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King Herod’s return

Woensdag, Mei 30, 2007

By Walter Reich, a professor of international affairs, ethics and human behavior
at George Washington University, a senior scholar at the Woodrow Wilson
International Center for Scholars and a former director of the U.S. Holocaust
Memorial Museum.

Los Angeles Times, May 30, 2007.

AFTER 2,000 YEARS of indignity and ignominy, Herod the Great has finally
gotten his revenge.

During their revolt against Roman rule over Judea between AD 66 and 72,
Jews who remembered King Herod as a Roman puppet smashed his
sarcophagus, which had been interred with royal pomp about 70 years before.
Christians have identified him as a baby killer who forced Jesus’ family to flee
Bethlehem. And Herod’s habit of having his rivals and relatives killed has hardly
burnished his image.

True, he built monumental projects – not only Masada and Caesarea but the
grand expansion of the second Jewish temple in Jerusalem, the best-known
remnant of which is the Western Wall. In the main, though, he’s been a
forgotten and derided historical figure.

But now Herod is back, at least in spirit. Israeli archeologists announced earlier
this month that they’ve found his tomb, eight miles south of Jerusalem. And
that tomb has become yet another impediment on the already impassable road
to Israeli-Palestinian peace.

In the land of Israel – or Palestine, as Palestinians and others call it – anything
that demonstrates the area’s Jewish past, whether above ground or below,
makes a big impression.

For Israelis, such finds are seen as an emblem of the Jews’ ancient and
unbroken connection with the land, going back 3,500 years, that justifies the
existence of Israel as a Jewish state. For Palestinians, they’re seen as a way of
legitimizing Israel – the creation of which turned many of them or their forebears
into refugees – and are therefore often dismissed as myth or fantasy.

In 1983, I saw how the unearthing of evidence of the Jewish past gives heart
to some Israelis. While researching a book on the West Bank, I visited the
Jewish settlement of Shiloh, in the northern West Bank. Archeologists were
digging at the nearby site of ancient Shiloh, which in biblical times was the first
capital of Israel.

It was in Shiloh that, according to the Hebrew Bible, the Ark of the
Covenant rested. Every evening the archeologists would display their finds.
When they showed artifacts from the Israelite period, the settlers cheered; for
them this was proof that they were now living in the ancient heart of the land
of Israel.

Small wonder that archeological finds like these provoke many Palestinians to
deny that such discoveries, and any other evidence of Jewish history in either
Israel or the West Bank, have anything to do with Jews. After the recent
announcement that Herod’s tomb had been found, the Palestinian response was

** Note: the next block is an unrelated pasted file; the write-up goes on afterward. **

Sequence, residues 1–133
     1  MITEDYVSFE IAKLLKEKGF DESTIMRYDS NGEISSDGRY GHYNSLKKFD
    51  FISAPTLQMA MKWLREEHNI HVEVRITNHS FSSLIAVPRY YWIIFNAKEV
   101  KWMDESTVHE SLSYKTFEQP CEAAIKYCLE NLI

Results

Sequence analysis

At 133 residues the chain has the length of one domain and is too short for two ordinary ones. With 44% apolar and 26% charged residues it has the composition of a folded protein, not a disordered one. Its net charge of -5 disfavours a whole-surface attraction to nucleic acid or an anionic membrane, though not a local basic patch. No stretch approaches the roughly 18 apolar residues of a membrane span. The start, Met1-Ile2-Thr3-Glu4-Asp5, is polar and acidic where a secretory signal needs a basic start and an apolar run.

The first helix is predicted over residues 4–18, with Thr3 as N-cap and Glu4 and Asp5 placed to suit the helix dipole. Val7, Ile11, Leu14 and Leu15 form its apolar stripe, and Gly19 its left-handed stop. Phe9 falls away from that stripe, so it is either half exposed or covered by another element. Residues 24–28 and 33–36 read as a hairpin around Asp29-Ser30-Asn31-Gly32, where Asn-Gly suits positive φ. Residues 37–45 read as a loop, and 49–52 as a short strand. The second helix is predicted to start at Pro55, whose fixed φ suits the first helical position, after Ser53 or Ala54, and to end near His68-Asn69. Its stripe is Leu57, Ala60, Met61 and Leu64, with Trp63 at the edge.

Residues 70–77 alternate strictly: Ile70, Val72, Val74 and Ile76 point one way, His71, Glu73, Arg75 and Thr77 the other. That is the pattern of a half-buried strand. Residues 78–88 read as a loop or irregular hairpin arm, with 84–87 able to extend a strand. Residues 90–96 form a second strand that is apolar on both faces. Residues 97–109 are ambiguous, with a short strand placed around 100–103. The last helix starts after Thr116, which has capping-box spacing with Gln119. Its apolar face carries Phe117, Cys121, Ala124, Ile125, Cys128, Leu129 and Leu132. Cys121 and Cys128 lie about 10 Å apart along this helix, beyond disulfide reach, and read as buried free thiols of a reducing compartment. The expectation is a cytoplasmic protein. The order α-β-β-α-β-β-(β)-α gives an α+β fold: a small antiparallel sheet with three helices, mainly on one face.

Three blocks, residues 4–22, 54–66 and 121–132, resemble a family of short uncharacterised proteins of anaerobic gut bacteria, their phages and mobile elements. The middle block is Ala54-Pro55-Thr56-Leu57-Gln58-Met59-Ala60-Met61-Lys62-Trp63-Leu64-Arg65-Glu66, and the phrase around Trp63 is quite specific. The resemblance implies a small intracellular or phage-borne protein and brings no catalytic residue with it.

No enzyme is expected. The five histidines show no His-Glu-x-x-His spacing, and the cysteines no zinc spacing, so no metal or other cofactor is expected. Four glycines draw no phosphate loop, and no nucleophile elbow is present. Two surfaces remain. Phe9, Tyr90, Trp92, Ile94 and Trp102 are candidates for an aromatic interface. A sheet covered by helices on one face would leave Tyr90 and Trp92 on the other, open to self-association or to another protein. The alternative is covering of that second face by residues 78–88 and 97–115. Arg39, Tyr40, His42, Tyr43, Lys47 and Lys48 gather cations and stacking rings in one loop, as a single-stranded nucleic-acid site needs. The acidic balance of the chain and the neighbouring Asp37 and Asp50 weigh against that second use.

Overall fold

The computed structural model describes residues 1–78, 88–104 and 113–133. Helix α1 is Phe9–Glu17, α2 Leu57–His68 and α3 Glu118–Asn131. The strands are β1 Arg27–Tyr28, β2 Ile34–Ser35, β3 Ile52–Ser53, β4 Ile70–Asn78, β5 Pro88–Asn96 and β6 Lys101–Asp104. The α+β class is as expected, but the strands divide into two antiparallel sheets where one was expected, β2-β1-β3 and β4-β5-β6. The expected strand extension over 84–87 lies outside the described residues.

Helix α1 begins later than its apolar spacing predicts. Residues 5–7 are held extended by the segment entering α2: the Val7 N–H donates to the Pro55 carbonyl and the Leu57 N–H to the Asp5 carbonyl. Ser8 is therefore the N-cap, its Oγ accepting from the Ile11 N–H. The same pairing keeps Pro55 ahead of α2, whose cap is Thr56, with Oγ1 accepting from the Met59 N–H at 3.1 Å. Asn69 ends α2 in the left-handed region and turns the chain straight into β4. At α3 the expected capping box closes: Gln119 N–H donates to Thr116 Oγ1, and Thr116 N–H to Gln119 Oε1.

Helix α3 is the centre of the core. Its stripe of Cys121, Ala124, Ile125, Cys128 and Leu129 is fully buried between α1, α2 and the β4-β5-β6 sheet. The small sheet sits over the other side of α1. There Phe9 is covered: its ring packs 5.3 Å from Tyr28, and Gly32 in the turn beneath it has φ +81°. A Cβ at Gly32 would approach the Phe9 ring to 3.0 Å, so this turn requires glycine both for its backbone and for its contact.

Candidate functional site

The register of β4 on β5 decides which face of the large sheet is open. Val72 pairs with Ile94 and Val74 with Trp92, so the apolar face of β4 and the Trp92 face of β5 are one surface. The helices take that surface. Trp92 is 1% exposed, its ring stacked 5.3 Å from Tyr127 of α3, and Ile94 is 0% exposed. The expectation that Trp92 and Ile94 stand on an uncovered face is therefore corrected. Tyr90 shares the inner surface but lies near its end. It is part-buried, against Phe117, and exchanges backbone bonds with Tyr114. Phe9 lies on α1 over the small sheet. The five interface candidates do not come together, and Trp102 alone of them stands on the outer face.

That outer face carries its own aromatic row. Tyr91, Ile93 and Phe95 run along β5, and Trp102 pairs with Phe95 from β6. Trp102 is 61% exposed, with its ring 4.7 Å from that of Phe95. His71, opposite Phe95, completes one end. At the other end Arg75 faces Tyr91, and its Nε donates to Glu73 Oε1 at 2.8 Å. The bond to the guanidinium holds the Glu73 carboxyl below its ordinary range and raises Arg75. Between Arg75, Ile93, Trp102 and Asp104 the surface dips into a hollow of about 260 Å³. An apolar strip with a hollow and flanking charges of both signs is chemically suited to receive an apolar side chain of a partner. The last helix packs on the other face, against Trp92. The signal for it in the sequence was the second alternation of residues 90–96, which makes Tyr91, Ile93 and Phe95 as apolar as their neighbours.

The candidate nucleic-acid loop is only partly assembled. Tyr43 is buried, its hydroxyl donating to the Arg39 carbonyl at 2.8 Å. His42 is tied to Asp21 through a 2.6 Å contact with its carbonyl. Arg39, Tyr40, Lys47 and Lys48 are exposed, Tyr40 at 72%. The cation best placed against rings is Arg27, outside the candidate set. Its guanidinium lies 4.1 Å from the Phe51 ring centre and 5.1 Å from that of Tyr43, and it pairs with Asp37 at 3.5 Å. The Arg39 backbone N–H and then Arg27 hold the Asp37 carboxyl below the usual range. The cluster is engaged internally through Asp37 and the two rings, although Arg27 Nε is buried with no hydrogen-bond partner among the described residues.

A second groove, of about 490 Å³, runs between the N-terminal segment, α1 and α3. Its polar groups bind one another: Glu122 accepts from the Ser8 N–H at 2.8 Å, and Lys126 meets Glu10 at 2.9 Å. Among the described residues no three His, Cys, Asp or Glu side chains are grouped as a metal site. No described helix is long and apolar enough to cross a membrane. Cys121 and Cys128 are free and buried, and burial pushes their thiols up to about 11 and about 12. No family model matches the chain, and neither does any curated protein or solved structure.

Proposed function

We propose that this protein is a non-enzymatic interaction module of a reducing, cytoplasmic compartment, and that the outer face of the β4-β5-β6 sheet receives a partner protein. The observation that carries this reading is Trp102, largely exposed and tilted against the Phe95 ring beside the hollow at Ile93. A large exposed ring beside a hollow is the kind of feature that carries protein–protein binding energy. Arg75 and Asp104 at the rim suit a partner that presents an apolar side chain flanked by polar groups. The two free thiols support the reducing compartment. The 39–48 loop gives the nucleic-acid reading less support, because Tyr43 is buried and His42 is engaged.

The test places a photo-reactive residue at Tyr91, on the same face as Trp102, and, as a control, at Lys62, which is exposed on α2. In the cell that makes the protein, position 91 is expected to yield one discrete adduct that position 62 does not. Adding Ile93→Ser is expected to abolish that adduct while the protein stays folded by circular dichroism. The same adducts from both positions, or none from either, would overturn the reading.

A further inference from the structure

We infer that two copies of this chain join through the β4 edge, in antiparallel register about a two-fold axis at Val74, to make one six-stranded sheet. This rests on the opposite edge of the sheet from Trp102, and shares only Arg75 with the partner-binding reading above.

quick and sharp. A Palestinian official said the finding lacked scientific
credibility and was driven by ideological motivations.

But this episode of archeological denial pales in comparison with the decades of
denial in the case of Jerusalem’s Temple Mount, which is known to Arabs as
Haram al Sharif, or the Noble Sanctuary.

In 1930, when Britain administered the area, the Supreme Muslim Council in
Jerusalem noted that the Temple Mount’s “identity with the site of Solomon’s
Temple is beyond dispute.”

But at the Camp David summit in 2000, Yasser Arafat insisted that a
Jewish temple had existed not on the Temple Mount but in Nablus. And an
Arafat aide, Saeb Erekat, said, to President Clinton’s amazement, “I don’t
believe there was a temple on top of the Haram, I really don’t.”

Mahmoud Abbas, the current Palestinian Authority president, later
agreed with Erekat, as did the mufti of Jerusalem. Arafat later went further and
denied the temple existed anywhere in Israel, the West Bank or Gaza, including
Nablus.

Today, denial of the temple’s existence has become a mainstay of Palestinian
rhetoric. “They say that the temple was here,” a Palestinian historian scoffed.
“What temple …? What archeological remains?” And temple denial has turned
into temple removal. During the last few years, Palestinians have discarded
remains of the first and second temples.

This absurd Palestinian denial of Jewish roots in the land has been matched on
the part of Israelis who deny that there was a large and long-indigenous
population of Arabs in Palestine when the Zionist movement vastly expanded
the number of Jews in the area more than 100 years ago. Fortunately, the
denial of Palestinian history has been utterly discredited among nearly all
Israelis.

Only when each side recognizes the historical right of the other to live in the
region will it be possible to begin to talk about peace and a fair reckoning on
Jerusalem. And only then will it be possible to put Herod’s vengeful ghost back
into his haunted archeological tomb.

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